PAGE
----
86 M. Sonne and D.M. Andrews / Validity of online worker self-assessments and the relationship to worker discomfort
could assess and make adjustments to their existing furniture that they felt were necessary throughout
the course of the study.
As this was an initial examination into this type of online training, a training protocol of 4 weeks was
chosen to see if results warranted further study. Weekly collection was conducted in order to see the
feasibility of such a training and assessment program. Participants received an initial training session
where they were instructed on how to use the ROSA online application. Participants registered their
username and account within the ROSA application, and completed an online form on initial discomfort
levels and biographical data (age, sex, height, body mass, years at current job, and years at the current
company). The workers in each experimental group assessed their own workstation, had a trained
observer assess their workstation, and lled out a discomfort questionnaire. The Feedback (FB) Group
received feedback on their performance from the trained observer, while the No Feedback (NoFB) Group
did not.
2.3. Worker assessment
The worker assessments were conducted once per week using the online ROSA application. Times
for the weekly assessments were scheduled either through personal contact onsite or through email, so
that the trained observer and participants did their assessments at the same time.
2.3.1. ROSA online training module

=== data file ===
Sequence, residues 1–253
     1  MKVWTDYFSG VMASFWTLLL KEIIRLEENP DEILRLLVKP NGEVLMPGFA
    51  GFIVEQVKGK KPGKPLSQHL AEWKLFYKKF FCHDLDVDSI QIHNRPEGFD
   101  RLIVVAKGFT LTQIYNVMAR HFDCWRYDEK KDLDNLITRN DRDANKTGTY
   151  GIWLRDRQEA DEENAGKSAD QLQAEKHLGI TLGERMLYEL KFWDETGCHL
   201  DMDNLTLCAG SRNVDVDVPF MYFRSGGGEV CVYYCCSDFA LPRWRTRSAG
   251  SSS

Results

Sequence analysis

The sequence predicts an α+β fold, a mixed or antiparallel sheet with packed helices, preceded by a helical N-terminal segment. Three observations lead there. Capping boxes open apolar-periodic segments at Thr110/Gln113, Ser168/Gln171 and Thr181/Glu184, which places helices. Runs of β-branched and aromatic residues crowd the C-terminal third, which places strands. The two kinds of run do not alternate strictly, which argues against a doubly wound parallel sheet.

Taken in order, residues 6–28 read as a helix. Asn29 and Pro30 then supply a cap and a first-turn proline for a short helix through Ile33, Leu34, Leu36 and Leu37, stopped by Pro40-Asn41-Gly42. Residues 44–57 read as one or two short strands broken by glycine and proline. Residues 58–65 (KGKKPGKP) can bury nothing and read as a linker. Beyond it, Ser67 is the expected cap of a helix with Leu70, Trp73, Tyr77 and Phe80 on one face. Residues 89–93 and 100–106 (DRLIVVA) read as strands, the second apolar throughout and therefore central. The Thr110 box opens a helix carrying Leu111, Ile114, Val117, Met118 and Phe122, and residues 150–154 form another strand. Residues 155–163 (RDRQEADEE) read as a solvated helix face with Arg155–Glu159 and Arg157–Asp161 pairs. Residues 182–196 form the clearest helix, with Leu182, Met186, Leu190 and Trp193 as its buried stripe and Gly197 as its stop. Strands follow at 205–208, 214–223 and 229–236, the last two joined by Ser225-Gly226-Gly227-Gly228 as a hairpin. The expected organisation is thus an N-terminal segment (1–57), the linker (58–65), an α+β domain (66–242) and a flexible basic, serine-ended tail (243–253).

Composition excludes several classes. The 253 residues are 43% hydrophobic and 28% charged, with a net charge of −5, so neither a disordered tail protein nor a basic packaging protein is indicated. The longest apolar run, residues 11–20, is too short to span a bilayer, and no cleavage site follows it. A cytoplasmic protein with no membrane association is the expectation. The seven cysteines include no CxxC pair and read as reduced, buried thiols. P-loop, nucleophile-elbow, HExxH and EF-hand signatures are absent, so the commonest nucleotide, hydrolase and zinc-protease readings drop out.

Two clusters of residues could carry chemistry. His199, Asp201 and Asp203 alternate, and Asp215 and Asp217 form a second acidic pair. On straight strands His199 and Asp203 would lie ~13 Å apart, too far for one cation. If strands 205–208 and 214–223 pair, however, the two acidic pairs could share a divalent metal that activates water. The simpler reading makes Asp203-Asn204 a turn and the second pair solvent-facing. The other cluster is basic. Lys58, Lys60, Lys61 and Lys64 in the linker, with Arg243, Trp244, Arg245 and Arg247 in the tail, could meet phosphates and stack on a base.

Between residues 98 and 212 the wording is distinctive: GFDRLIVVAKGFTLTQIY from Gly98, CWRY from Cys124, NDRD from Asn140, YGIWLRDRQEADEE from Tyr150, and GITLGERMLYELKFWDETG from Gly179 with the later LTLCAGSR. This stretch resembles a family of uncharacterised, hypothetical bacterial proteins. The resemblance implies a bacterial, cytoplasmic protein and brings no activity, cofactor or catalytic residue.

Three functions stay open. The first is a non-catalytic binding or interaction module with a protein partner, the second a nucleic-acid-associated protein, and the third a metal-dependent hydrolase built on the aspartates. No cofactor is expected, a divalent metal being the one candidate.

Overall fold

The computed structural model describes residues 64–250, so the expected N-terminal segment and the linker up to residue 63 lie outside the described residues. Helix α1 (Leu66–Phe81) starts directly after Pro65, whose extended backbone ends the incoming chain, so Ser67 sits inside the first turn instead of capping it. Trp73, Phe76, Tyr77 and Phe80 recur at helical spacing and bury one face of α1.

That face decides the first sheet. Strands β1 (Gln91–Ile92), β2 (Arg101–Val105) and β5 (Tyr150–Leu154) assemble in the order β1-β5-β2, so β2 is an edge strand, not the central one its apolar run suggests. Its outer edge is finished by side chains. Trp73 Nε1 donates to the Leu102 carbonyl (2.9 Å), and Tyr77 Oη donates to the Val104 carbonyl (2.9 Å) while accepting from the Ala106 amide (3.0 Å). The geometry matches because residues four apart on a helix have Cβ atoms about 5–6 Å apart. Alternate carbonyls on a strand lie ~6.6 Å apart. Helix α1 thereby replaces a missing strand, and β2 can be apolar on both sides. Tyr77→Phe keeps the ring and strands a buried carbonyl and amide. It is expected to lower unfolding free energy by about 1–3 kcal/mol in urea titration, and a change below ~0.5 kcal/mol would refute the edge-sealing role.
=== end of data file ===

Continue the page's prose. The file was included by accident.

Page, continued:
The ROSA online application contains the same risk factor identication information found in the
original ROSA tool [11]. The chair, monitor and telephone, and mouse and keyboard subsections from
ROSA were duplicated in the online version so that the participants and the trained observers used
equivalent risk factor diagrams during their assessments (Fig. 1). A sample screenshot of ROSA online
is provided in Fig. 1A for the chair subsection that assesses height. A copy of the corresponding pen and
paper checklist form for the chair height subsection is included in Fig. 1B. For all workstation subsections
covered in ROSA, risk factors in the online version were presented as text, graphics and live action in
video, with an audio narrative.
Workers navigated through the online ROSA training, selecting the risk factors that most accurately
applied to their current workstation set up. Selections were made by clicking the buttons and check
boxes corresponding to the levels of the risk factors, and the ROSA scores were automatically calculated